This is only part of the story. True, rental rates have risen, but the overall occupancy cost has risen even more than just the rental rates. In a rising market, like we are currently in, landlord’s contribute less in tenant improvement costs and offer much less rent abatement. This then translates into a higher occupancy cost. During a down market, a landlord could offer 125 percent of the first years rent to go improvements of the space, that number now could be 75 percent of the first years rent.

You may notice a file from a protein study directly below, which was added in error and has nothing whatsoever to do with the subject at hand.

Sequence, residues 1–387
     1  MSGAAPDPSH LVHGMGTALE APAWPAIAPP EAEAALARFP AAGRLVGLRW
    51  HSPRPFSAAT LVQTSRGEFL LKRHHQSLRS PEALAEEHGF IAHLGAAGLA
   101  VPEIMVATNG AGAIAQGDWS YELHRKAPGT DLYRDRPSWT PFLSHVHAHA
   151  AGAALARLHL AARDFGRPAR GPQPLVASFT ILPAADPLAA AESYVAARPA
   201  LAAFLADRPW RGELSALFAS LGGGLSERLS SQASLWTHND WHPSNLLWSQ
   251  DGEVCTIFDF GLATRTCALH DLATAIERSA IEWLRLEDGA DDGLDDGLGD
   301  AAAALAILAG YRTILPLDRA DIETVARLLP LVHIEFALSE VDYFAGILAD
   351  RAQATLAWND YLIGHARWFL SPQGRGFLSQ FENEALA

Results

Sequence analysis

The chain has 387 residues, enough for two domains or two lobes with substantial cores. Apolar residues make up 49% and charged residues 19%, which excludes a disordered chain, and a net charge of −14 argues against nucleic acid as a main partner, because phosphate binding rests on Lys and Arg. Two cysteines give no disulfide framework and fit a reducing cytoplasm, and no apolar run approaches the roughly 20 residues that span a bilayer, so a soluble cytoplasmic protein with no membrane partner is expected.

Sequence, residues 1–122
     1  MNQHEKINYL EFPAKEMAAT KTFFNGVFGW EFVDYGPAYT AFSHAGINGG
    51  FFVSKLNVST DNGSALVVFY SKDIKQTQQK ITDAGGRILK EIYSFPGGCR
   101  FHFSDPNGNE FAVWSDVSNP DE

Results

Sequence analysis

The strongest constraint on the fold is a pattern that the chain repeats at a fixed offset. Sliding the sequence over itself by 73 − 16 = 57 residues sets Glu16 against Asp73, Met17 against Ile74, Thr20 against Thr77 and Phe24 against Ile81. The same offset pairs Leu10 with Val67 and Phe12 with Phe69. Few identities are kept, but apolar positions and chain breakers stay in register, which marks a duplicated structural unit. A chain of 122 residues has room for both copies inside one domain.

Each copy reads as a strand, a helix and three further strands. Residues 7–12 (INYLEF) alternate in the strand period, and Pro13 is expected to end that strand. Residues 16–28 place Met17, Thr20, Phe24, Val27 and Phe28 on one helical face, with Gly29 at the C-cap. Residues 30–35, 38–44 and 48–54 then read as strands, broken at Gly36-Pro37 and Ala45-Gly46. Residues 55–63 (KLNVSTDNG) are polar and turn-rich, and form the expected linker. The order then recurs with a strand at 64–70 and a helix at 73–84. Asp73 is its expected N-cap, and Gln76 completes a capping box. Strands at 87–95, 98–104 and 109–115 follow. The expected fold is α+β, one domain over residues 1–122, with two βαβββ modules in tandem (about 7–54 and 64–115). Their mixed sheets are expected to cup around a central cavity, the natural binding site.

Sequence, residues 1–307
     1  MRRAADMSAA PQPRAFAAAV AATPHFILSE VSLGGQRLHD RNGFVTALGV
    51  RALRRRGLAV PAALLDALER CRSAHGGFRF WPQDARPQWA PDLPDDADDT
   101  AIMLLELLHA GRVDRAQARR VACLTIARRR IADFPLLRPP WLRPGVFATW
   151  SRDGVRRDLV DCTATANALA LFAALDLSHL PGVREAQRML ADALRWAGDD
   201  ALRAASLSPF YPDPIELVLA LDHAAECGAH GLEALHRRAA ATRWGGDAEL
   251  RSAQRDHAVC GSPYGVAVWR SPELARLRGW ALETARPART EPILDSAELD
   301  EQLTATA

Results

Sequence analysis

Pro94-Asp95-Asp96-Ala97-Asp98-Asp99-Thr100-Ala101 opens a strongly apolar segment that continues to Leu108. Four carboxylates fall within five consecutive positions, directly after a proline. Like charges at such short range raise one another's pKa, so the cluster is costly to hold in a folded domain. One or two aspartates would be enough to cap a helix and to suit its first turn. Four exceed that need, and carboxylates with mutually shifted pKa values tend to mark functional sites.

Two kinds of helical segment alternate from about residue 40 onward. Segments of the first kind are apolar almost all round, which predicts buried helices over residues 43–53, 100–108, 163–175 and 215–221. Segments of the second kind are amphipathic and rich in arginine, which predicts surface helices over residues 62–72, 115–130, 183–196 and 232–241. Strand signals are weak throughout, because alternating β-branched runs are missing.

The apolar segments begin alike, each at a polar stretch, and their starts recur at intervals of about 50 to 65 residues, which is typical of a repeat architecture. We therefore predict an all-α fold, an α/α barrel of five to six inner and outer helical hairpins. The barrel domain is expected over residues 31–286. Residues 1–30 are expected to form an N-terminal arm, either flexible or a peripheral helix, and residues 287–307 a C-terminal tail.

The Boston Herald’s analysis notes “office rents in Greater Boston grew at an even higher rate — 3.9 percent — primarily due to strong growth in Cambridge, downtown Boston and the northwest submarket, the report found. And rents may begin to rise at an even faster rate because employment levels in office jobs are reaching pre-recession levels.”
The Herald article can be found here: Hub Office Rates Jump